• Theaflavins are not found in "non-oxidized" teas such as Green. Non-oxidized Catechins are not as abundant in darker teas.

Oxidation: is a chemical reaction that transfers electrons from a substance to an oxidizing agent. Oxidation reactions can produce free radicals, which start chain reactions that damage cells. Antioxidants terminate these chain reactions by removing free radical intermediates, and inhibit other oxidation reactions by being oxidized themselves. As a result, antioxidants are often reducing agents such as Polyphenols.




One of two Flavanoids naturally found in tea

(along with Catechins), has antidepressant qualities

Research aimed at finding the active compounds in green tea revealed that its protective effects are due chiefly to catechins. Tea contains four main catechin substances: EC, ECg, EGC and EGCg, all of which are inclusively called catechin. Epigallocatechin gallate (EGCG) is the most powerful of these catechins. EGCG as an antioxidant is about 25-100 times more potent than vitamins C and E. One cup of green tea provides 10-40 mg of polyphenols and has antioxidant effects greater than a serving of broccoli, spinach, carrots, or strawberries. The high antioxidant activity of green tea makes it beneficial for protecting the body from oxidative damage due to free radicals. Research shows that green tea may help the arterial wall by reducing lipids. Green tea can protect against experimentally induced DNA damage, and slow or halt the initiation and progression of undesirable cell colonies. Studies show evidence that green tea provides immunoprotective qualities, particularly in the case of patients undergoing radiation or chemotherapy. White blood cell count appear to be maintained more effectively in patients consuming green tea compared to non-supplemented patients.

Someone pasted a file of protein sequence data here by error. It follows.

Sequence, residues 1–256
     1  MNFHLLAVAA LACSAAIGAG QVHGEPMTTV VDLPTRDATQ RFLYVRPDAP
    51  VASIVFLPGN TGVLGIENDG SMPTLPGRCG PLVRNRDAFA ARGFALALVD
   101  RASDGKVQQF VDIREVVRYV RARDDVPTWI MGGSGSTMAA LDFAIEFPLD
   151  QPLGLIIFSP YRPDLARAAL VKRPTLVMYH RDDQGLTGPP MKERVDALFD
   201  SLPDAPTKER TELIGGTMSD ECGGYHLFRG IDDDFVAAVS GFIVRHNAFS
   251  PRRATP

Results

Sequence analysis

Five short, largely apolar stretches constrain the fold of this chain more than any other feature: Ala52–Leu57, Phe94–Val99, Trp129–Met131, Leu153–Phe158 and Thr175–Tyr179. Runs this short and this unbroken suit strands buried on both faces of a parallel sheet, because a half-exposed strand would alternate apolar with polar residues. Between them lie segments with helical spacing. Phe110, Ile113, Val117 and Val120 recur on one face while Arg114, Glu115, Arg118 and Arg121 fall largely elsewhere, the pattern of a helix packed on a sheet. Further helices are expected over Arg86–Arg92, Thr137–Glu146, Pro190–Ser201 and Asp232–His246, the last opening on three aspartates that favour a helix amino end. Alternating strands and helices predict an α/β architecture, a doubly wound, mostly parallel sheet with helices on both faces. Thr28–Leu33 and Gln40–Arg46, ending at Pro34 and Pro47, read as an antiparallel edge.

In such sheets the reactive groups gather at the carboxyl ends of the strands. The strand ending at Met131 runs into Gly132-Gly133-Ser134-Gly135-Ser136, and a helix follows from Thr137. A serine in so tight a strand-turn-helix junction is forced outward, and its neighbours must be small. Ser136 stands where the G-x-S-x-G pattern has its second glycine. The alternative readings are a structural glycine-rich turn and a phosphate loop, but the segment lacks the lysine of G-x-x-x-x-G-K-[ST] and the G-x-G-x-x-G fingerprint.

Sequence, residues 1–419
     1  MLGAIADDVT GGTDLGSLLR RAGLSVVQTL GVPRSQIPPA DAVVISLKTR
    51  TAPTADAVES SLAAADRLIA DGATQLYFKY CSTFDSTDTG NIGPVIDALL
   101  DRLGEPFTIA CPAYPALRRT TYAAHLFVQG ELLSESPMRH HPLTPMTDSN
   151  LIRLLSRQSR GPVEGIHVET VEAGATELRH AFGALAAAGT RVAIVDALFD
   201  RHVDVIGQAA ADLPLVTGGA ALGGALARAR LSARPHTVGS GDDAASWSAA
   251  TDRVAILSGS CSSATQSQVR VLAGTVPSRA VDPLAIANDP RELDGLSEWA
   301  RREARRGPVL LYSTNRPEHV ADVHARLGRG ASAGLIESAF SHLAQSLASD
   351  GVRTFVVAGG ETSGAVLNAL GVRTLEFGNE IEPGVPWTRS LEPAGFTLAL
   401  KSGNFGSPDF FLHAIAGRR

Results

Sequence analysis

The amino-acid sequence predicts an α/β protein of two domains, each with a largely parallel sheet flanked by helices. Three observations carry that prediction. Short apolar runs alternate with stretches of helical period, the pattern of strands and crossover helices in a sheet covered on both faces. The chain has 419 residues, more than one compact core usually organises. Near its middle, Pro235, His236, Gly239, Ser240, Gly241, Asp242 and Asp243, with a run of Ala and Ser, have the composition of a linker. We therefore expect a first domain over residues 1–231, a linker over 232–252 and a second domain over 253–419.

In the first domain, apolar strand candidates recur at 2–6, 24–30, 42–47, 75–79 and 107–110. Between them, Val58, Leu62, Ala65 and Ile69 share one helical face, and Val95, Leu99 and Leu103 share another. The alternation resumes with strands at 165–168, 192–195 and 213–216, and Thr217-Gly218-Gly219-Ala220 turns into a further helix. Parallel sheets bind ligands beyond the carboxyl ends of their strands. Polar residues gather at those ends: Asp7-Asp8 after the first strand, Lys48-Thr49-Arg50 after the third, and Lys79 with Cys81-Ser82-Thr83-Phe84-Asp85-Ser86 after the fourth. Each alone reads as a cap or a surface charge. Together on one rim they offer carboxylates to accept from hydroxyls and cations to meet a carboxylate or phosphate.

Greener tea is manufactured from fresh, "unripened" tea leaves; the oxidation of catechins is minimal, and hence they are able to serve as antioxidants. Researchers believe that catechin is effective because it easily sticks to proteins, blocking bacteria from adhering to cell walls and disrupting their ability to destroy them. Viruses have ‘hooks’ on their surfaces and can attach to cell walls. The catechin in green tea prevents viruses from adhering and causing harm. Catechin reacts with toxins created by harmful bacteria (many of which belong to the protein family) and harmful metals such as lead, mercury, chrome, and cadmium.

Pseudo tannins in greener tea is mostly catechin and is a key component in its taste providing the astringency. The amount of catechin tends to increase as the season progresses. Spring tea (first crop) contains 12-13% catechin (13-17% as tannin) while summer tea (third crop) contains 13-14% (17-21% as tannin). If leaf order is compared, younger leaves include more catechin than mature ones. First leaves contain 14%, second 13%, third 12%, and fourth 12%. This explains why second and third crop summer teas are more astringent while Bancha is less so. Gyokuro green tea, whose leaves are covered during growth, contains less catechin and astringency (10% as tannin) because it gets less sunshine then Sencha




an amino acid commonly found in tea.